The first break speaks to the heart of the gardener. There's always an element of chance in growing one's own food. With weather, disease, grazers, and in this case, insects, there are plenty of opportunities for disaster, or at least heartbreak.
Trina had read about "the world's most delicious squash" this winter, and had done some sleuthing and managed to find seeds for the heirloom Italian Marina di Chiogga squash -- which we hoped was the one. We planted this spring and watched it grow wildly (amid our several other varieties) and then watched the warty fruits expanding into grotesque vessels of -- we hoped -- ambrosia squashiness.
Then, heartbreak. In the space of a day-and-a-half, the leaves wilted and stems and leaves started turning yellow. Trina found the culprits: squash bugs! She did some quick research and found the best organic solution was to spray with pyrethrins. Organic, yes, but it kills bugs. She sprayed. Bugs died. The vines have recovered a bit and we hope that there will be enough gusto to finish ripening the squash so that we can have winter food. And the world's tastiest squash.
Anything mean enough to kill the insect pests is also mean enough to kill innocent critters, too, and we were sad to see this katydid among them. That, I suppose, is the breaks.
In other news of Breaks, there was an incident involving me flying over the handle bars of my mountain bike. Everything was going surprisingly well during the flying part, especially the surprise. There was, however, some difficulty during the landing phase. The primary landing gear (wheels) being at that time higher in elevation than the fuselage, and the secondary landing gear (feet) not yet disengaged from the pedals, there was a rapid deployment of the emergency landing gear.
The emergency landing could be considered a success. All passengers survived and the main body suffered only minor scuffs and dings. There was one complication. One strut of the emergency landing gear snapped on impact, which is why I had to drag my bike to the nearest road and ride myself to the urgent care center. And why I'm now sporting a blue cast that will allow my busted right wrist to heal.
• This is my first ever cast, and after decades of active life, I'm counting that as a positive thing.
• Cameras are designed for right hands.
• Most activities are awkward and slow with my non-dominant single arm, but using a pepper grinder and shucking corn top the list.
• I'm maintaining my sumptuous lifestyle with as little physical help as possible from Trina, since I'm somewhat stubborn that way. I'm not making any plans to go mountain biking, but I'm riding around town on my townie-bike with one arm, running errands and meeting and greeting. Riding is the one thing that doesn't take twice as long to accomplish.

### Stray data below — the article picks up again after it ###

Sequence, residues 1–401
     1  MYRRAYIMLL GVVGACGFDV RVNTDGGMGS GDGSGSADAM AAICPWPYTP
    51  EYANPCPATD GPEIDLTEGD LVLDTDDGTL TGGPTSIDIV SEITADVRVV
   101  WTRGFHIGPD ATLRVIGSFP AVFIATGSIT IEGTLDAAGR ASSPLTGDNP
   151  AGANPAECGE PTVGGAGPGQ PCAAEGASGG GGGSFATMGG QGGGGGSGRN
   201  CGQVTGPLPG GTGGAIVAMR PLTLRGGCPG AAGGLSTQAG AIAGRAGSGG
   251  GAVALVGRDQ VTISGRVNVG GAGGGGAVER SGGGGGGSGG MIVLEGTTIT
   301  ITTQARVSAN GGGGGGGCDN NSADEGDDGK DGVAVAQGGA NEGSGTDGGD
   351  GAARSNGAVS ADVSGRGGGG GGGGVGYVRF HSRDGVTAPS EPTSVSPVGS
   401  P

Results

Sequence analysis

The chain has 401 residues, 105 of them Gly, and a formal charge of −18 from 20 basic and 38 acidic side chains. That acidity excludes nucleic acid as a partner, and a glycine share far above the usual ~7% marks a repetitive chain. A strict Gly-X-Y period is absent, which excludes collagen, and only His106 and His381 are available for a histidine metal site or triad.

• I ride around town with my arm raised. I'm elevating my arm for medical reasons, not waving "Hi!" Though I might be waving "Hi!" too.
*This dramatization photo is based on actual events, however some details have been modified to fit your screen. Er, like, I was on a mountain bike on a narrow trail. And I didn't have a cast on my arm yet. And I'm pretty sure the rocks I landed on were sharper and more dangerous looking.
Eight years ago I was mountain biking with friends on a frightful cliffside trail near my then-home in Hawaii. The trail was rough and root-infested and muddy and slick. Vibrant green vegetation crowded the trail and spilled hundreds of feet down the valley walls. Did I fall down one of these cliffs and hurt myself? No. On a safe section of the trail, away from the cliff, I bumbled on a small rough spot, lost my balance, and stepped off the trail into the wild ginger plants to catch myself. Except that it was just a tiger-trap-like layer of leaves over a deep hole.
I fell into the unknown depths, and managed to get off my bike and get my feet under me, such that when I did finally hit the bottom seven feet down, I landed all agile and cat-like. (Or as we around here prefer to say: Jack-Russell-like.) Except that my ankle turned sharply and popped. As we rode out, it swelled enormously, and I ended up on crutches for five weeks.
That could keep a guy off his bike. And it did. For two days. On the third day I took one pedal off, strapped my crutches to the frame, and rode, one-legged with one foot clipped to the remaining pedal, back into a semblance of my regular life.
It seems that removing the use of just one of my limbs is not enough to keep me off my bike. Is this some kind of macho tough guy act? Or some misplaced act of stubborn independence?
Perhaps it is this: I have woven the bicycle so deeply into my life that I'm unsure of my place in the world without it. So I will swap shifters to the other end of the handlebar, I will raise my damaged arm into the air, I will grab on tightly with the other, and for as long as I can, I will ride, ride, ride.